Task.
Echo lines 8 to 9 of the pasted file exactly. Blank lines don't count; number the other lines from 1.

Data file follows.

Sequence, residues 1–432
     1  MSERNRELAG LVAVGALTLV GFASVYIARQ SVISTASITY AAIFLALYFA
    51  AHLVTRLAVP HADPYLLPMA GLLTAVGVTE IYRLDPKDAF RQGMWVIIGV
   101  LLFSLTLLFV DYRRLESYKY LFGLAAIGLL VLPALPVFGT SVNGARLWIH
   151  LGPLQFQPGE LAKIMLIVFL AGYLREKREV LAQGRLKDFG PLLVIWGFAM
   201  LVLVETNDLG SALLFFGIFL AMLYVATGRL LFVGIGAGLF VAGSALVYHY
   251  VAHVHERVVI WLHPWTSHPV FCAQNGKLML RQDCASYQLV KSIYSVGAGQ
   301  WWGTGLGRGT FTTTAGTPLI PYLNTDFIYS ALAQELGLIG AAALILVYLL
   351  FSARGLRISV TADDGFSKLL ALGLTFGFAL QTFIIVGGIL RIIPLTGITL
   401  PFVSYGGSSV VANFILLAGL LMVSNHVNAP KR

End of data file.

   301  WWGTGLGRGT FTTTAGTPLI PYLNTDFIYS ALAQELGLIG AAALILVYLL
   351  FSARGLRISV TADDGFSKLL ALGLTFGFAL QTFIIVGGIL RIIPLTGITL